Even though we had a month to prepare for this, you’re never really ready. We got Squirt when he was 1 year old and had him for 14 years — more than half my life. I should speak fondly of him, saying he was a good dog, but as any friend or family member (or repairman) who visited my parents’ house over the past 14 years can attest, he was a mean little bugger. But he came from a troubled background, years before my job would entail reading and writing about dog training, so we did the best we could as inexperienced as we were.

Though it’s sad to say goodbye — especially from across the ocean — lately he hasn’t been the same dog we adopted on July 29, 2000. Over the course of his life he had two loves (no, not people and other dogs): walks and food. Neighbors used to joke that he was the most well-walked dog out there. When I was in high school I used to attach him to my Razor scooter and make him pull me around the neighborhood. (Yes, I made a 12-pound Chihuahua pull me like an Iditarod husky.) On our long walks pre-Fitbit I used to have to beg and pull him to turn around. As he got older, he slowly stopped walking so far and eventually was content to just explore the front yard, especially when he discovered he could get a treat for every time he went out. He had a one-track mind at that point: food. We could not enjoy a meal without him barking alongside us, all because 14 years ago someone decided to feed him a table scrap (who that someone is is still up for debate in my family). When I was back home just this April I had to sneak around the house during the day because if he noticed me, he’d start barking for his dinner two hours early. So when a month ago my mom told me he wouldn’t eat his dog food anyone, I knew something was wrong. He was not the same Squirt I knew. Over the past month he indulged in various people foods, from pancakes and eggs to fish and chicken until whatever was ailing him — canine cognitive disorder (doggie Alzheimer’s) and cancer, likely — prevented him from eating even boiled chicken. In a prime example of a head-on collision between comedy and tragedy, yesterday he sat in his food bowl, staring out into space. My parents sent me a photo and I could not stop laughing (and crying).  It was time. He would not eat or drink, could barely walk, and seemed to have no mental capacity left whatsoever. The inevitable could no longer be prolonged.

I want to thank my parents for taking such good care of him in his final days and for making the difficult decision to put him down while he was suffering. Know that however hard it was and while it might not seem like it right away, you did the right thing.

And little dude — I’m sorry I couldn’t be there for you in the end, but I’m not sure you’d know who I was anyway. I’ll remember you at your best, like when I tried to enter you in a local dog show our first summer together and you almost bit the judge. One day I’ll see you again on the other side, probably by the unlimited cheese buffet. (And as the poem goes, we’ll cross the rainbow bridge together).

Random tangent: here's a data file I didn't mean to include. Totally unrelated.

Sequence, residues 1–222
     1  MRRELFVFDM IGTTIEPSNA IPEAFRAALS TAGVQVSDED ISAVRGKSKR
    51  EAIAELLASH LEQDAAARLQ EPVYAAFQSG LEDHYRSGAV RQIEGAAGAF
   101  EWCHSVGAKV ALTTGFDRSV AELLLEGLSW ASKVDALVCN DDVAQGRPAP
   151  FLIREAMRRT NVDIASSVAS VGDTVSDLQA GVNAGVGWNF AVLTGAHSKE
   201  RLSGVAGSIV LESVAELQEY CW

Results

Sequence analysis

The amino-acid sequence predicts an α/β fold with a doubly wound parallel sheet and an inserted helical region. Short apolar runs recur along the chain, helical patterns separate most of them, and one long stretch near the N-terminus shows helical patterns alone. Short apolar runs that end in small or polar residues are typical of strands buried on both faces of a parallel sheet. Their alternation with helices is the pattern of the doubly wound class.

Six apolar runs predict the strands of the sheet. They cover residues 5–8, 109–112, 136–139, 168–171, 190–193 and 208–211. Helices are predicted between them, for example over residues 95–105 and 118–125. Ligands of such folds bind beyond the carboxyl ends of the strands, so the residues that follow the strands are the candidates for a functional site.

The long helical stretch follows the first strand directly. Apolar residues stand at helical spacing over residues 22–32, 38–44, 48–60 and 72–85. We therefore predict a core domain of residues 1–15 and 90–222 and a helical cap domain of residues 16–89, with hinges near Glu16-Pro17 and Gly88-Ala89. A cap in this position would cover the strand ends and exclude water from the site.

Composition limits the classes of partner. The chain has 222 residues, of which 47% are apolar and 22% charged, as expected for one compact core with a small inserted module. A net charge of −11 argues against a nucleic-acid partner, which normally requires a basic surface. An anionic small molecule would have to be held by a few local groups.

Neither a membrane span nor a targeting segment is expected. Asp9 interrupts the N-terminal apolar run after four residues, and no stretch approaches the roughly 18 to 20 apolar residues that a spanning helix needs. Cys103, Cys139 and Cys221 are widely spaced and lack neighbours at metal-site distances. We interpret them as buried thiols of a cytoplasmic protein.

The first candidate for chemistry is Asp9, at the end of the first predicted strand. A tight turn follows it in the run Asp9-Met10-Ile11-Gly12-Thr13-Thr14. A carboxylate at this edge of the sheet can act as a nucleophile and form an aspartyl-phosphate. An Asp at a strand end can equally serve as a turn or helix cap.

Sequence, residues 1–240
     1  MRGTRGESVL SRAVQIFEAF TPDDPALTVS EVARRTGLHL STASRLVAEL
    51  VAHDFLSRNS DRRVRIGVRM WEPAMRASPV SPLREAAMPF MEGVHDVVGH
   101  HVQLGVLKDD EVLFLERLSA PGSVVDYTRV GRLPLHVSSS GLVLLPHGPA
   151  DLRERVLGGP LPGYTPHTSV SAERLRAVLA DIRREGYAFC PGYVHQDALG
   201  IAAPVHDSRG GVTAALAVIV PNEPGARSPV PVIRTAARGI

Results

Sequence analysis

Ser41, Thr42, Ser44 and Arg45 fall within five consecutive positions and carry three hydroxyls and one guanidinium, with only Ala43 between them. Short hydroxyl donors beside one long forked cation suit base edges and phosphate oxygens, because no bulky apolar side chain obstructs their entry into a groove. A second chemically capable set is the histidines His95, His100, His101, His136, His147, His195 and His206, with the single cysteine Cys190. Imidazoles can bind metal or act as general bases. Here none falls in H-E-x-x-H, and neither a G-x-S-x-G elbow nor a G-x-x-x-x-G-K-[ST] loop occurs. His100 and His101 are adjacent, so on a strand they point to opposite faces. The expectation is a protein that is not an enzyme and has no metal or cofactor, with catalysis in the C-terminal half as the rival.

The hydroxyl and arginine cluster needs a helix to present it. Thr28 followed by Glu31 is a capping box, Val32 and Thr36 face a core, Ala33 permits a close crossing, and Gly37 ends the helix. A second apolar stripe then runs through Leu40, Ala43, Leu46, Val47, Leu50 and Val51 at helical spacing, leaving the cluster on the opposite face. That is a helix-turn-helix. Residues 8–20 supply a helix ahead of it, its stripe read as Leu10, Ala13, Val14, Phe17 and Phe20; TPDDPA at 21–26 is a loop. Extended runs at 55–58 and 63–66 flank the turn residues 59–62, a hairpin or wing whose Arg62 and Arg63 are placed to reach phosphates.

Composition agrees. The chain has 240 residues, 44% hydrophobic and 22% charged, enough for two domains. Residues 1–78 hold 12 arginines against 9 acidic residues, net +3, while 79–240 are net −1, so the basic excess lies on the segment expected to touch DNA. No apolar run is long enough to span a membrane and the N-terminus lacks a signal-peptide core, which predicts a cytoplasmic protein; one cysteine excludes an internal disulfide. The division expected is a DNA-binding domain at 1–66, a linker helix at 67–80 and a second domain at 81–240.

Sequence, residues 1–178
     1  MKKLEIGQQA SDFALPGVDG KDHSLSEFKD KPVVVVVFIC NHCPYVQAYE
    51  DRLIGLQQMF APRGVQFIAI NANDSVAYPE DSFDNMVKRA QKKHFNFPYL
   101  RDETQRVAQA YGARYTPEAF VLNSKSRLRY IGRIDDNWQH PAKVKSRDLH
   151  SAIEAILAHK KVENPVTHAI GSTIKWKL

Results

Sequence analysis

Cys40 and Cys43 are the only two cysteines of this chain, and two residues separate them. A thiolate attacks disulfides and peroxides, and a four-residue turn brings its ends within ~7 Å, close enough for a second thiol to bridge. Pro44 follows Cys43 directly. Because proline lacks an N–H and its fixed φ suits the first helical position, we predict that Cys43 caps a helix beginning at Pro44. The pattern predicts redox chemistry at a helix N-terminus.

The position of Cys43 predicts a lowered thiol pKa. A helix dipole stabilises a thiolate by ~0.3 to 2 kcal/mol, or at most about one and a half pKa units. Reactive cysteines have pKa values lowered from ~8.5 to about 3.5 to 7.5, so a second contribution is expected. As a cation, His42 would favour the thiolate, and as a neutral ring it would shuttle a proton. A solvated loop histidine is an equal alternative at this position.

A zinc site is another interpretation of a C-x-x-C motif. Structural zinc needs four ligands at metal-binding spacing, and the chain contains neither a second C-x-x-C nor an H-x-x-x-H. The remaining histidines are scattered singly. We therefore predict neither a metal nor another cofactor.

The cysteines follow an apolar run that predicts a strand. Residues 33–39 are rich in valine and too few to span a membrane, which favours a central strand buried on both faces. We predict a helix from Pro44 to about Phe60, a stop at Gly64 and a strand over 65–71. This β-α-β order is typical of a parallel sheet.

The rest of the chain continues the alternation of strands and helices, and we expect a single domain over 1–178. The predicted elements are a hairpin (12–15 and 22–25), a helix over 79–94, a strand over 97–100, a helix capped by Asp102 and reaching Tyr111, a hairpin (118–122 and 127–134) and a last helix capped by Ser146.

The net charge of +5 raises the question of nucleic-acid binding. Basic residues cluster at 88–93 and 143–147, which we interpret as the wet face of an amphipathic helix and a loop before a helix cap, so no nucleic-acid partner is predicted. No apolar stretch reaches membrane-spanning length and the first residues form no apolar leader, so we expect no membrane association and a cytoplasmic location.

squirt christmas portrait(This ridiculous Christmas portrait they took at the kennel in 2005 never fails to make my family laugh.)

Coping with mortality and ancient Greek quizzes

9 Sep

When I was in high school I took Ancient Greek as an elective. While the rest of my class had a free period, three of us were conjugating irregular verbs in seven tenses. We were overachievers who bordered on masochistic. At different times we each thought about quitting, saying screw the aorist active optative, and go back to studying and goofing off with the rest of our classmates, but we never went through with it. I remember one particular morning we had a big biology test coming up. None of us could focus on Greek vocabulary when there was the Krebs cycle to memorize. So we came up with a brilliant plan – we would ask our teacher to push back the Greek quiz a day. If all three of us agreed and asked, she’d have to, right? And she did. And thus began a very dangerous journey down a dangerous path. Greek quiz dates were not set in stone. So whenever a quiz fell on the same day as another class’s test, or even if one of us just didn’t feel like studying the night before, we asked for an extension. And by “we,” I often mean “me,” as I was the only girl and the others claimed the teacher “liked me” (for the moment). Every time I would ask her to move the quiz she would say the same thing – “Alright, but you’re just prolonging the inevitable.” I believe at one point we even started asking for it that way – “can we prolong the inevitable?” We knew eventually we’d have to regurgitate vocab and conjugate verbs, but in that moment the weight was lifted off and the third declension became Tomorrow Renee’s problem.